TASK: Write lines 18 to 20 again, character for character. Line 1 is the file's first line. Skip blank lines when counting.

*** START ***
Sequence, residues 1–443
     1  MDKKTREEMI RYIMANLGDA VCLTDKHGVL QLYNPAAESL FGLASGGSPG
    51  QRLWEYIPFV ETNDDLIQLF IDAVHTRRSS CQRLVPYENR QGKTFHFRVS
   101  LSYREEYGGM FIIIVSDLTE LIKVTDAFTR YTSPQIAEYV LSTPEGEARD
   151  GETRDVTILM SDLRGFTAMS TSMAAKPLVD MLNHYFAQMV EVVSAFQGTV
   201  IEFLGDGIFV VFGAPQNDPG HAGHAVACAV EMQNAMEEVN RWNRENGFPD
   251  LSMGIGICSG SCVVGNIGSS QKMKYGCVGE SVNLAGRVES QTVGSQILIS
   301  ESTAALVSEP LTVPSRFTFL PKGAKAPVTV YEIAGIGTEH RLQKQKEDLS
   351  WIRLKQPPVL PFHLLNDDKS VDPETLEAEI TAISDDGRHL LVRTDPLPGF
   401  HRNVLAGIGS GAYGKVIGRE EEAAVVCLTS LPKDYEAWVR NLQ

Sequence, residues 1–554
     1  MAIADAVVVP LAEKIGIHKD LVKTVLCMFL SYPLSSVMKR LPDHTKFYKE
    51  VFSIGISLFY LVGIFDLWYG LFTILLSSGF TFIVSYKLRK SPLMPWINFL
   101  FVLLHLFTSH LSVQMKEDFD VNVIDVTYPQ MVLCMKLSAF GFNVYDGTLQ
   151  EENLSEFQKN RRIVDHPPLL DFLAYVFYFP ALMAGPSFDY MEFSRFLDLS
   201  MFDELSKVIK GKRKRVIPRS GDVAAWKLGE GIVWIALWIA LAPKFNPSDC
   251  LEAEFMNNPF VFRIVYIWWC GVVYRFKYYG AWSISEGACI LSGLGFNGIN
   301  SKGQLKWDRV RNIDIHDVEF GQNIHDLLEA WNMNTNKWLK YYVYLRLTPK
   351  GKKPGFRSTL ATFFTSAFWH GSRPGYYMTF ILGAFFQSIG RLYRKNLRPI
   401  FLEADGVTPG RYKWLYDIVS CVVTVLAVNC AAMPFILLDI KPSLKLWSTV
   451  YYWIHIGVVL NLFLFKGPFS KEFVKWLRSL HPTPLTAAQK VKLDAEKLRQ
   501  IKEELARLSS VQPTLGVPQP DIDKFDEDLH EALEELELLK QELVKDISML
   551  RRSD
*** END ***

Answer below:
   301  SKGQLKWDRV RNIDIHDVEF GQNIHDLLEA WNMNTNKWLK YYVYLRLTPK
   351  GKKPGFRSTL ATFFTSAFWH GSRPGYYMTF ILGAFFQSIG RLYRKNLRPI
   401  FLEADGVTPG RYKWLYDIVS CVVTVLAVNC AAMPFILLDI KPSLKLWSTV